About the Foundation




            The Kewanee Schools Foundation was established by a group of dedicated citizens on July 20, 1990.  Members of the original board were Mr. Robert Petersen, Mr. Donald Billiet, Mrs. Lola Charlet, Mr. Martin Hepner, Rev. David Kniker, Mr. Roland Young, Mr. Gary Combs, and Dr. Rick Cernovich.  Mr. James Golby was Superintendent of Schools for District #229 and also very deeply involved in establishing the Foundation.


The Kewanee Schools Foundation celebrated the Foundation's 20th Anniversary at a recent meeting. (Left to right - Bill Stewart, Chuck Warthen, Doug Currier, Jerry Grebner, Amron Buchanon, Tom Ratliff, Dave Kniker, Craig Gustafson, Dr. Chris Sullens and Jeff Johnson. Missing were Wayne Becker, Lori Christiansen, Todd Reeser and Lisa Lazar)


           The original intent of the foundation remains our purpose today.  The founders wished to strengthen the education and extra curricular opportunities of district students by generating financial support and leadership through its alumni and community.  Their first major goal was to raise funds to establish an all-weather track and field facility at Kewanee High School.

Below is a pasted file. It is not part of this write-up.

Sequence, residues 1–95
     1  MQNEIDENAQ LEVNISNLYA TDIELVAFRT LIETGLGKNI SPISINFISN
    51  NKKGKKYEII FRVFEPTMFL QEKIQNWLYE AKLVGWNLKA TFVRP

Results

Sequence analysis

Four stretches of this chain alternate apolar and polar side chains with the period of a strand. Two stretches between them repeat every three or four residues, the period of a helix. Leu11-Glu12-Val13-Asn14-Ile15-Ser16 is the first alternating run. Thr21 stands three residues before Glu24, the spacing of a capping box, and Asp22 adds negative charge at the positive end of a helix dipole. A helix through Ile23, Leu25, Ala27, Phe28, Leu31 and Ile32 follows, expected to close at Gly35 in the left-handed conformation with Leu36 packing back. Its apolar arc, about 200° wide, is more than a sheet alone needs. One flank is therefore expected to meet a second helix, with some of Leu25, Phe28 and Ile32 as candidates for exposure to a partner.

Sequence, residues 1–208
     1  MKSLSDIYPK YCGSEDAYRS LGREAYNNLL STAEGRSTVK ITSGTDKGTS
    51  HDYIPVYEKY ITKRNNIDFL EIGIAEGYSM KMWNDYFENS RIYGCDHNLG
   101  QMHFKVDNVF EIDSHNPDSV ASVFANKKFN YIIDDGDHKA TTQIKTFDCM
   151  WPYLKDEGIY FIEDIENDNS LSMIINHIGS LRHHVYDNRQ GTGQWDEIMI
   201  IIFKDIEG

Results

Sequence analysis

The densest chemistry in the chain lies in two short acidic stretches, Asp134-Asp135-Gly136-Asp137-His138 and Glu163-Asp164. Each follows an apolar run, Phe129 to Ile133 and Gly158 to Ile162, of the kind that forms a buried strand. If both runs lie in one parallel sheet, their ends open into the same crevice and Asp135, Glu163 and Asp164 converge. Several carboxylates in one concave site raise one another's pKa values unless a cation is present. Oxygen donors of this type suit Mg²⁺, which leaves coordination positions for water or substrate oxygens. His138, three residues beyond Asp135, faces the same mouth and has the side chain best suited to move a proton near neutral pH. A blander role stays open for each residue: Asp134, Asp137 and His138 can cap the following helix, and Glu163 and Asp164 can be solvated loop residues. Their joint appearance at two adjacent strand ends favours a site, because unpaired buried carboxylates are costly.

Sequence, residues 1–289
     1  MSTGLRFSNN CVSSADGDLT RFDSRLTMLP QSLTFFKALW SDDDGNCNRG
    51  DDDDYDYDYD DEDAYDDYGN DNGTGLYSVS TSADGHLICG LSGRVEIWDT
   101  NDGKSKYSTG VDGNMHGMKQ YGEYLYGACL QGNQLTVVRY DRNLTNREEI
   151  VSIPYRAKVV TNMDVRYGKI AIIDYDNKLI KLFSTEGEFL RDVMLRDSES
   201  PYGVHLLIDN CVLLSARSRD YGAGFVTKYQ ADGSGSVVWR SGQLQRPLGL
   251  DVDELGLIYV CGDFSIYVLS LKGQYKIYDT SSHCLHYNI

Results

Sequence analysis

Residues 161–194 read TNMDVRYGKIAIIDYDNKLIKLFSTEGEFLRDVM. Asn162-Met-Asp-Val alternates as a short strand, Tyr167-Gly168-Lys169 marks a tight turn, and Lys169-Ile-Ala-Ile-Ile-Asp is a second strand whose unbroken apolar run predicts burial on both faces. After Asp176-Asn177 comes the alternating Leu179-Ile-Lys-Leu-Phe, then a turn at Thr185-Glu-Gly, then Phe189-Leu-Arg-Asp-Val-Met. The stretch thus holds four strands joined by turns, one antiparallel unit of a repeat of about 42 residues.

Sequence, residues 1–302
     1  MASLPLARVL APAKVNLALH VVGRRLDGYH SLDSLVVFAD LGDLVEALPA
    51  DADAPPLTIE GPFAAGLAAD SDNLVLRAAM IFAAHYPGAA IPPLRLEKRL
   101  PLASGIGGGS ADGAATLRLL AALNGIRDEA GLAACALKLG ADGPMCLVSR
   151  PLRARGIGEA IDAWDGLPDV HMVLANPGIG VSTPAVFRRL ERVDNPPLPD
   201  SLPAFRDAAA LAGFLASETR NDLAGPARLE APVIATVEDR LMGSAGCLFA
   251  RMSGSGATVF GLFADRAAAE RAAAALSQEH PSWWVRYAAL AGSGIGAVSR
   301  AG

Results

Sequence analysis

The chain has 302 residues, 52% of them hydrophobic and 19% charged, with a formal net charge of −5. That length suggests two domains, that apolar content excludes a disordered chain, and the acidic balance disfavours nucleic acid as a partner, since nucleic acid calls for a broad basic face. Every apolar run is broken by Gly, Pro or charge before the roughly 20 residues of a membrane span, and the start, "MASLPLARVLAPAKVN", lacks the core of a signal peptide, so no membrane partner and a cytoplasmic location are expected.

The capital campaign for the new facility was a major success for the new foundation.  Hundreds of organizations, businesses, and individuals donated amounts ranging from $5.00 to $61,000 to make the new facility a reality.  The campaign raised nearly $162,000 and the new facility was completed in summer, 1994.  It was named the Breedlove-Petersen Track and Field after two of the largest individual donors.

             After the track and field project was completed, the Board of Directors met separately for a number of years but the foundation was in a semi-dormant state for a couple of major reasons.  First, the foundation had just emerged from a very rigorous campaign and did not wish to continue to bombard donors with requests for more funds.  Second, the foundation didn’t have the staff to sustain on-going fundraising activities; and third, no clear-cut goals were established for the foundation to pursue.